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Only 24 percent of jobs in the region are accessible by transit in 90 minutes or less by a typical resident — and that number drops to 12 percent in the suburbs.

Oak Park advocates stay connected with local officials

A new group of advocates in Oak Park is committed to strengthening the village’s position as one of the best Chicago suburbs for walking, biking and public transit.

Formed less than a year ago, Bike Walk Oak Park (BWOP) has become a vocal presence in the community, calling for safer streets for people walking and biking in the village.

The Active Transportation Alliance provided BWOP with a Bike Walk Every Town mini-grant earlier this year and has provided strategic advice as the group started coming together and making waves locally (Bike Walk Every Town provides resources and guidance to suburban advocates working for better biking, walking and public transit in their communities).

Members of BWOP are currently advocating for the implementation of the village’s Greenways Network and Bike Plan, which maps out a network of family-friendly bikeways. Led by volunteer co-chairs Jenna Holzberg and Brian Crawford, the group envisions a multi-modal Oak Park where all residents -- including youth, the elderly and people with disabilities -- can safely and comfortably walk or bike throughout the community.

“As a first step, one of our goals is to see dedicated funds for walking and biking infrastructure,” says Brian Crawford.

Active Trans advises advocates who are frustrated with a lack of implementation of biking and walking plans in their village to fight for dedicated local funding. Financial resources are often the biggest obstacle to building new infrastructure.

Back in January when Village of Oak Park Trustees voted 4 to 3 to cancel its Divvy contract, BWOP advocates saw a potential silver lining to this disappointing decision. Jenna Holzberg explains, “We want the $200,000 saved annually from Divvy to be allocated as the minimum amount for a reccurring line item in the village budget for bicycle and pedestrian infrastructure.”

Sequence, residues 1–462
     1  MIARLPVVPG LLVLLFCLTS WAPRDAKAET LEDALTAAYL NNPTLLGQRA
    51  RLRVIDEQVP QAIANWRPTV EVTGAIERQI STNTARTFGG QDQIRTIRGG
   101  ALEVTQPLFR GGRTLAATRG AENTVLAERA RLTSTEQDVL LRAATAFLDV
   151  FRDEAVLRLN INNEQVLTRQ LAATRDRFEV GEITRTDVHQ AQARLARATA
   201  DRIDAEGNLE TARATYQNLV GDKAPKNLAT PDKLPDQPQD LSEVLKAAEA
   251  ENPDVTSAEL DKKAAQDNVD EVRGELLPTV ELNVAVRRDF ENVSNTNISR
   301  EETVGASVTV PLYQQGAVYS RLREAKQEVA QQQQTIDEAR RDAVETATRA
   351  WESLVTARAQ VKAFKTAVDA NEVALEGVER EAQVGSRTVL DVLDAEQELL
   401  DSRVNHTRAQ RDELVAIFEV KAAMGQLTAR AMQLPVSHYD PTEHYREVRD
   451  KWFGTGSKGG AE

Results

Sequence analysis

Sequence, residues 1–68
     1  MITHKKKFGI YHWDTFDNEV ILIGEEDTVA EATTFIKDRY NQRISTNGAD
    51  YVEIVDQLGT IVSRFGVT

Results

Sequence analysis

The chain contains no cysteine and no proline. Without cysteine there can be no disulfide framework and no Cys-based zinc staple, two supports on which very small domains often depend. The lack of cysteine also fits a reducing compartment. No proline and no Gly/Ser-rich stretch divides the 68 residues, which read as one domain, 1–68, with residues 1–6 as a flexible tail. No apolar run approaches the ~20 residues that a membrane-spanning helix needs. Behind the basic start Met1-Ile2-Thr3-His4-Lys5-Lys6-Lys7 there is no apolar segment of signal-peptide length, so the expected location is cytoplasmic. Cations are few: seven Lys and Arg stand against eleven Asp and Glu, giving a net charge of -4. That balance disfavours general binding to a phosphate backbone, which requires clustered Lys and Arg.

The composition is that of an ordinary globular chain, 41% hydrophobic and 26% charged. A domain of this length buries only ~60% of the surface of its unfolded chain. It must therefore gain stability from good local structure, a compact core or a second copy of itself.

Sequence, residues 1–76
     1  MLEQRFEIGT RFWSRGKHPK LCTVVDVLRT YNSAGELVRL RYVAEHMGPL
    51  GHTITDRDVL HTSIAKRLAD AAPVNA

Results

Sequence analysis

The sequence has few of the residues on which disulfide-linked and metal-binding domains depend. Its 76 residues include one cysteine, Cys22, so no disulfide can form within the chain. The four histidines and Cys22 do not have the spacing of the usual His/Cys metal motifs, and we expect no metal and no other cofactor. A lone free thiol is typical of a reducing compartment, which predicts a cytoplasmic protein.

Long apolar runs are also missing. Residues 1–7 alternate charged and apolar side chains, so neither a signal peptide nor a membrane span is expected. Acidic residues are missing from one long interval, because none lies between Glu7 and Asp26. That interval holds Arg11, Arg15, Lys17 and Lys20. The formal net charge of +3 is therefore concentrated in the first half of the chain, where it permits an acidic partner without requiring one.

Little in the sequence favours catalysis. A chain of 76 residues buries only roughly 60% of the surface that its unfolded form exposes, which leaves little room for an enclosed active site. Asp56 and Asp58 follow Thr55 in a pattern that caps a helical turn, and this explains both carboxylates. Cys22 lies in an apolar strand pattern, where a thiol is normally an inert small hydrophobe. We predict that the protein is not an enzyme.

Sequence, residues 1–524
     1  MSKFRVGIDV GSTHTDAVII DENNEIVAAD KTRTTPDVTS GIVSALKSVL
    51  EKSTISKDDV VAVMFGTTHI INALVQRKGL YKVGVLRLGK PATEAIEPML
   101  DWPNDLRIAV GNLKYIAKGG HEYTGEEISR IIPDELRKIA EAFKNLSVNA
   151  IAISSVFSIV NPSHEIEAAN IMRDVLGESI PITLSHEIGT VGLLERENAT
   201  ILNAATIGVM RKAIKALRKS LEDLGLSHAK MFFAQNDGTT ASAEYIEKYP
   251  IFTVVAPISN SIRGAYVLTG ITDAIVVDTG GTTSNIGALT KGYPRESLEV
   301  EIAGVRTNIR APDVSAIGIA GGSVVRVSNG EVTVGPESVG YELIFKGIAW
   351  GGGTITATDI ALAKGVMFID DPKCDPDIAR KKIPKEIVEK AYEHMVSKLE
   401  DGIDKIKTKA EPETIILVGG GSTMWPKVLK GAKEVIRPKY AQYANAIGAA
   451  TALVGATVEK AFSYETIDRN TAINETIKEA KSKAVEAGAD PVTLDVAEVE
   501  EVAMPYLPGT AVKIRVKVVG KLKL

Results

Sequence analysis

As part of their advocacy strategy, Jenna, Brian and other BWOP members have been building a base of community supporters through hosting regular meetings, attending community events, speaking up at village board meetings and managing an active Facebook Group. 

They have also been focused on building relationships with village trustees. According to Brian, “BWOP members have been communicating fairly regularly with trustees -- through in-person meetings, emails, calls, and social media. Dialogue is progressing, but no commitments have been made yet.”

He adds, “We do appreciate that the trustees have been very accessible and do want to hear and learn from us and their constituents.”

In September BWOP held a meeting attended by a village trustee and a member of the Oak Park Transportation Commission to discuss implementing the bike plan and using the monies saved from Divvy for walking and biking infrastructure improvements.

A key take-away from the meeting for Oak Park residents: Be the squeaky wheel -- village staff and your elected officials want to hear from you! Send them an email to let them know you care about walking and biking.

This is sound advice for any community wanting to see a connected bike network and a safe environment for pedestrians realized. These visions likely won’t happen unless you make your voice heard.

In addition to reaching out to your elected officials, Jenna has a few other tips for advocates: “Learn how your community government functions to get things done. This will help you better understand where you as an advocate fit into the process.”

She also stresses the importance of having a social media presence and getting clued into the online presence of community leaders.

BWOP serves as a model for other individuals and groups interested in activating community support, advocating for funding for walking and biking and pushing for the implementation of an active transportation plan.

We applaud what they have done so far and will keep you posted as progress is made. If you’d like to get in touch with them, visit the BWOP Facebook Group.

To learn more about advocating for transportation improvements in your community, we invite you to get involved in our Bike Walk Every Town suburban advocacy program or attend our next suburban advocacy summit and training on Saturday, October 27 in Elmhurst. Email Advocacy Manager Maggie Melin at maggie@activetrans.org with any questions.